“Triumph of Disintegration” is where lyrical content kicks it up a notch. (Be careful when playing this in public, the first four seconds do grab your attention. The FIRST FOUR) His voice screeches as a great, busy bass line, danceable guitar riffs, and sweet vocal melodies make this track an obvious highlight and the occasional head bobber. It switches up towards the middle as Barnes’s and keyboardist Dottie Alexander’s voices intertwine to produce volatile vocals: “I had to make myself a monster just to feel something ugly enough to be true.” The tone becomes really menacing yet heartfelt and emotional. It’s a superb feeling that they are able to communicate, and it’s one of the things that makes this album so good–surreal yet profound.
“Amphibian Days” rarely switches up, but it’s groovy for the most part as Barnes’ sounds a bit drowsy here from his vocal delivery. The opening riffs for “She Ain’t Speaking Now” wake him up eventually as his screech rustles through the track as acoustic and electric guitars open the track with some organic instrumentation, but that goes away quickly as psychedelic influences take their toll.
The album then boasts many other tracks with influences ranging from folk rock to indie rock to funk to the basic core of psychedelic music. The instrumentation is simple yet well orchestrated and composed. The stripped down sound of it all helps focus the album a lot more on the music rather than the production tricks and erratic synthesizers from their previous works; however, when electronic instrumentation appears on this album, it doesn’t distract the listener from the primary focus that Of Montreal tries to achieve here.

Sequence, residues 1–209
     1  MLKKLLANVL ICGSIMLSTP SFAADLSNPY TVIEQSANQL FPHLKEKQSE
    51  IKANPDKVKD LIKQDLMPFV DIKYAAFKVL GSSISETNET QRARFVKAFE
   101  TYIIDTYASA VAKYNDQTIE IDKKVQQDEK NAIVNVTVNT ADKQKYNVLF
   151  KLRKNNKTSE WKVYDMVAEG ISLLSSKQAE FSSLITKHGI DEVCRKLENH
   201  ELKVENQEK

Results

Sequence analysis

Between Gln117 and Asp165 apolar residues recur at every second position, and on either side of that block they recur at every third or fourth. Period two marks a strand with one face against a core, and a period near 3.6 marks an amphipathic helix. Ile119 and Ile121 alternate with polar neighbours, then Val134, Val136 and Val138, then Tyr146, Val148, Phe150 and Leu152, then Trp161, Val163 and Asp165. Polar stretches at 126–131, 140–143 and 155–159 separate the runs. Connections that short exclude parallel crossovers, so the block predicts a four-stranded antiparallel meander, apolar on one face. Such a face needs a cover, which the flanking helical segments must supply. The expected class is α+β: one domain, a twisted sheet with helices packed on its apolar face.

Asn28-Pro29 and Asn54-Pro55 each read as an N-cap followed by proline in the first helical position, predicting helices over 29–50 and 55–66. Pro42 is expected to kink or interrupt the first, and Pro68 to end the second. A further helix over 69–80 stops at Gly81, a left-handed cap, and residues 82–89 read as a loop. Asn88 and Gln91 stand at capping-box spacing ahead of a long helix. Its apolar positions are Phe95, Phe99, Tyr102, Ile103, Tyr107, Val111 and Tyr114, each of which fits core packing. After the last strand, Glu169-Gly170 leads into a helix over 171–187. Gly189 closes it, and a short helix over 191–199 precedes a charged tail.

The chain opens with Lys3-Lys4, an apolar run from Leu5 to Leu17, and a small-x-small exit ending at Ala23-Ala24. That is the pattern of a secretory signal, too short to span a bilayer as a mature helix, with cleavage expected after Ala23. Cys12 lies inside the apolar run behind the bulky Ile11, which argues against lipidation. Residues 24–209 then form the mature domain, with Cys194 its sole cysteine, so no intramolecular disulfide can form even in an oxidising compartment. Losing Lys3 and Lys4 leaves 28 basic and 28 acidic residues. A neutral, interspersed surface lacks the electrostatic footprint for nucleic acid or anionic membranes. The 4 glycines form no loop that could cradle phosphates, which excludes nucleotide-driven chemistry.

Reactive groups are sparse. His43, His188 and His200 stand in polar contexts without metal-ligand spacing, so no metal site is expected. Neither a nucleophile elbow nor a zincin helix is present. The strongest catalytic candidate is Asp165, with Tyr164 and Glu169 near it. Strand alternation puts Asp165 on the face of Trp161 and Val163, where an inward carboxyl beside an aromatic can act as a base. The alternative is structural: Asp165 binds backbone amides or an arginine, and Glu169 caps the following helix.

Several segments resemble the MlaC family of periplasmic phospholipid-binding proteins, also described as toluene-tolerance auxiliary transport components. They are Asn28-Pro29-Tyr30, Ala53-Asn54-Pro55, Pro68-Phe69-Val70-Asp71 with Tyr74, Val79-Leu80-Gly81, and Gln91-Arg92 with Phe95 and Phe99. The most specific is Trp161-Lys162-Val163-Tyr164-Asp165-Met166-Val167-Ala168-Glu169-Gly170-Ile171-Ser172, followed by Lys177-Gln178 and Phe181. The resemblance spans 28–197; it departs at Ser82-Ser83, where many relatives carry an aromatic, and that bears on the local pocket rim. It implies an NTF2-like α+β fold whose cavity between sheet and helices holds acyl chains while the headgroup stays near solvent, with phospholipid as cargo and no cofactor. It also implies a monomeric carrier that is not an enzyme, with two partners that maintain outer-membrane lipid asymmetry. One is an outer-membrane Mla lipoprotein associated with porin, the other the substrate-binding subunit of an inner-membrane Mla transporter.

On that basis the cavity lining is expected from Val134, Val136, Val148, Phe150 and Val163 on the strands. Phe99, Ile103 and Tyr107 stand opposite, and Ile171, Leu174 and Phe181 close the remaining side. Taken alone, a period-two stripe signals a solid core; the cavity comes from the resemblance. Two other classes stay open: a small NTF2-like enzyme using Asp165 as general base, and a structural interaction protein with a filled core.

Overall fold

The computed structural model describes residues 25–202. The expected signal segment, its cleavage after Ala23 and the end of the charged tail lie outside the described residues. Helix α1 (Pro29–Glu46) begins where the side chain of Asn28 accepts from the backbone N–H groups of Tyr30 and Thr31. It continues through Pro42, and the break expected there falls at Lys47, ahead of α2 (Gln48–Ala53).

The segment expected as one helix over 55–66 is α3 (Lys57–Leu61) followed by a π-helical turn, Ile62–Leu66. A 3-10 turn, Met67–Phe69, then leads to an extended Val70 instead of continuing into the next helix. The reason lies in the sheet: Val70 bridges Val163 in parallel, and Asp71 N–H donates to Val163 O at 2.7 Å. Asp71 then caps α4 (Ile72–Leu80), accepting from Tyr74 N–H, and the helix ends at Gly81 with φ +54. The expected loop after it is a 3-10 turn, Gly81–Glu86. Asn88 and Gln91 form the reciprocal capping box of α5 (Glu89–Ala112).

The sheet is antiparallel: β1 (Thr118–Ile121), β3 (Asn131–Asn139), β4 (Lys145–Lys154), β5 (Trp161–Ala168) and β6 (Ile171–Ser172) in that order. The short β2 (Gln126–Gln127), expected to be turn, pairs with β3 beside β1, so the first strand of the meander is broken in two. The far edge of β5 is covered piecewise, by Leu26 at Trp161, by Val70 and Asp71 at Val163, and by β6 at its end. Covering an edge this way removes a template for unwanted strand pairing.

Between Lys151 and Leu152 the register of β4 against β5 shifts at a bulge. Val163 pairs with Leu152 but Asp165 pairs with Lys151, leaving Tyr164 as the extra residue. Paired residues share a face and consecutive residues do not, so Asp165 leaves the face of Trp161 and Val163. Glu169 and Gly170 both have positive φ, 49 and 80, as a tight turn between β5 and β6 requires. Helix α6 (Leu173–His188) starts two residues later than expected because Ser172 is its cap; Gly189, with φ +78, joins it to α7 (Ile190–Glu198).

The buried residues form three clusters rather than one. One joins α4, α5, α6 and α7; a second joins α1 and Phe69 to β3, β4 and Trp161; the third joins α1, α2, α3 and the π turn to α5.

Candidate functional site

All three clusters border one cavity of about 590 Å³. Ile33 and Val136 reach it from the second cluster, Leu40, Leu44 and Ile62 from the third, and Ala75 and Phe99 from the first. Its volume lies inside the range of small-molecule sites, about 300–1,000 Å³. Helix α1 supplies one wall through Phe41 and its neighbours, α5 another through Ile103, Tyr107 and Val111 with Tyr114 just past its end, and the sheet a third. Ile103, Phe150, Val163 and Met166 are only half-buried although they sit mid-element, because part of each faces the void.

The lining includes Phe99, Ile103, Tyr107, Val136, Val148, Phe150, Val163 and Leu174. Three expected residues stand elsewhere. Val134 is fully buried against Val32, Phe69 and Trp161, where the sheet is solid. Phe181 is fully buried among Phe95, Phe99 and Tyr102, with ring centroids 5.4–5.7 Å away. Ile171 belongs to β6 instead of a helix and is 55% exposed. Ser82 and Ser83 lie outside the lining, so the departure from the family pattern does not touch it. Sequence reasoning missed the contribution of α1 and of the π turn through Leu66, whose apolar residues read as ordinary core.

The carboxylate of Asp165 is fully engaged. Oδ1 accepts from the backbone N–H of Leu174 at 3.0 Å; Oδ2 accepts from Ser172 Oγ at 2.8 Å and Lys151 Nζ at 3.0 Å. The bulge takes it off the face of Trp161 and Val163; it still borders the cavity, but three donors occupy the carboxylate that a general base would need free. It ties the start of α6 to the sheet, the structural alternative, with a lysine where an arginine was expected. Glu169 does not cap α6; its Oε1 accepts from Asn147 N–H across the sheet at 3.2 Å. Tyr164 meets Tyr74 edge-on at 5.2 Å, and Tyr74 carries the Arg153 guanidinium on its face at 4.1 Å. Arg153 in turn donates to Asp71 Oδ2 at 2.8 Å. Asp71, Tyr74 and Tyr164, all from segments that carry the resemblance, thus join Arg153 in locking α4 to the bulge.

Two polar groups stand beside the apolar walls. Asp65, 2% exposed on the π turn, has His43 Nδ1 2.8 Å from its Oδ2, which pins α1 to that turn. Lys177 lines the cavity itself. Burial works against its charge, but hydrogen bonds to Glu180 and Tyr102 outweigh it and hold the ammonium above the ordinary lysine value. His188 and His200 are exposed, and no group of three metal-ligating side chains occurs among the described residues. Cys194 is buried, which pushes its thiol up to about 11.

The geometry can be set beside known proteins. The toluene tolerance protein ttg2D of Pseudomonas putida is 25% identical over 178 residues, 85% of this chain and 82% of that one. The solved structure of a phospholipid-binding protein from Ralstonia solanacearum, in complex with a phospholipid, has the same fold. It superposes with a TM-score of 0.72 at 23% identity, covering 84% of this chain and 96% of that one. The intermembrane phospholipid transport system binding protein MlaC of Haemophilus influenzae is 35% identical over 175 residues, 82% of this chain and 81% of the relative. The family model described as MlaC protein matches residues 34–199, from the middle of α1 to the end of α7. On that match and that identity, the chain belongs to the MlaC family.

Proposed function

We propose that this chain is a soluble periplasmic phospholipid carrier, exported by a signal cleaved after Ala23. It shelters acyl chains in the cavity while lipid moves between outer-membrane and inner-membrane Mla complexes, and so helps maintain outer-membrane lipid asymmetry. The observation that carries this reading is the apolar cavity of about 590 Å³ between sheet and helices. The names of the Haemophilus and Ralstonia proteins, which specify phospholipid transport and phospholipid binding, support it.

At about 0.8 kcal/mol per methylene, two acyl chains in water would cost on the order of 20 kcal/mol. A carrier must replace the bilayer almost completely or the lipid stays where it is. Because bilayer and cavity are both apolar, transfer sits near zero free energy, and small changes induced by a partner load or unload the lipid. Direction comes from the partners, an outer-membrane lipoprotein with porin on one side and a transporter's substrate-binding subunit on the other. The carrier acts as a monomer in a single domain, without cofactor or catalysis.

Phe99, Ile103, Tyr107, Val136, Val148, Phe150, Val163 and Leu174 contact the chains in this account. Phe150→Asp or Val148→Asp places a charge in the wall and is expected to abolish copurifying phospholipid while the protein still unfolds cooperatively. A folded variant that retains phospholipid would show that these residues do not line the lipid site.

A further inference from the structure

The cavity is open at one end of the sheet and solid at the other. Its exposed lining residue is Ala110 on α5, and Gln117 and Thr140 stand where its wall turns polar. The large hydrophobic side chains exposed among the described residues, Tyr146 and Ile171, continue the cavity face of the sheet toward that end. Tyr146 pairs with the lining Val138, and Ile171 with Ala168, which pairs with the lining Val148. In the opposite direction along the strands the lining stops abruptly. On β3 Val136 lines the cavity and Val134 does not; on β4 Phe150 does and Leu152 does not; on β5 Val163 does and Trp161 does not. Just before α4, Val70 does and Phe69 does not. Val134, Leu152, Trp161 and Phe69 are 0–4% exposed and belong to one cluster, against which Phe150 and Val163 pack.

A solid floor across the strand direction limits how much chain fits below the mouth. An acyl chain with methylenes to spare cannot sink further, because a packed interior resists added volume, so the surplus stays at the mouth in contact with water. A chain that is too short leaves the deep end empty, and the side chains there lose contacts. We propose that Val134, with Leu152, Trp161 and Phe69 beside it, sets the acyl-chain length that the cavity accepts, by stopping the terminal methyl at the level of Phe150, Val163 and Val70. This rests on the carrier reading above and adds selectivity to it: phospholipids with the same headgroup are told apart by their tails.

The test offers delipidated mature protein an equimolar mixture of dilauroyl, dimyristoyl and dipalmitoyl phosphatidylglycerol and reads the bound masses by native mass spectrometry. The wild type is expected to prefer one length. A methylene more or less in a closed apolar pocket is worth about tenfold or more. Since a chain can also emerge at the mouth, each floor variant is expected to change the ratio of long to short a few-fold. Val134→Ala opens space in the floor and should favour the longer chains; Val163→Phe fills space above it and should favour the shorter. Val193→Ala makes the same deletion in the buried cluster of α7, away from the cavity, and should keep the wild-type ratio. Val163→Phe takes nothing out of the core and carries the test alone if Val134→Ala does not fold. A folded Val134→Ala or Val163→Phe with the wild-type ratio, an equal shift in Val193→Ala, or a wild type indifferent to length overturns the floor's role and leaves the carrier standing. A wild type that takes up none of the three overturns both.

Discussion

Towards the end of “Hegira Émigré”, the screeching synths don’t really overpower the drums, bass, and guitar, to result in a solid and well produced track. They don’t hesitate to rock out during the last eight seconds of the track once the synths are done too and create a great closer to the song.
The only problem I found here was that they don’t really balance the tracks between “ballads” and “psychedelic rock” tunes. “Sirens of Toxic Waste” and “Obsidian Currents” are probably the only ballads on this album. Moreover, on “Imbecile Rages”, Barnes’ voice becomes increasingly irritating toward the end as he belts out a rough screech, worse than on “She Ain’t Speaking Now”. That distracts the focus from the great composed track, making the song not as memorable as it could be.
On this LP, Of Montreal gives a solid release. They connect with the instrumentation found in their early works, and Barnes’ songwriting is still menacing, manic yet heartfelt. However, his vocal delivery and lyrical content communicate across the intimate and disturbing planes of emotion, which he consistently gives on every track here.
The songs are cohesive; however, there isn’t much diversity in instrumentation. The band does however balance each style they bring into this album perfectly. There isn’t too much rock, and there isn’t too much psychedelic flair; it’s a happy medium. I do love the switch up from their previous works though. Subtle electronic instrumentation is a good direction for them, really bringing out the talented strengths that the band is capable of. All in all, if there’s anything to get from this, it’s that you need to listen to this album and get lousy with sylvianbriar. Whatever that means. Ironically, this album is far from lousy.
PRETTY NEAT MUSIC
FAV TRACKS: Fugitive Air, Obsidian Currents, Belle Glade Missionaries, Sirens of Your Toxic Spirit, Colossus, Triumph of Disintegration, She Ain’t Speaking Now, Hegira Émigré,
LEAST FAV TRACK: Imbecile Rages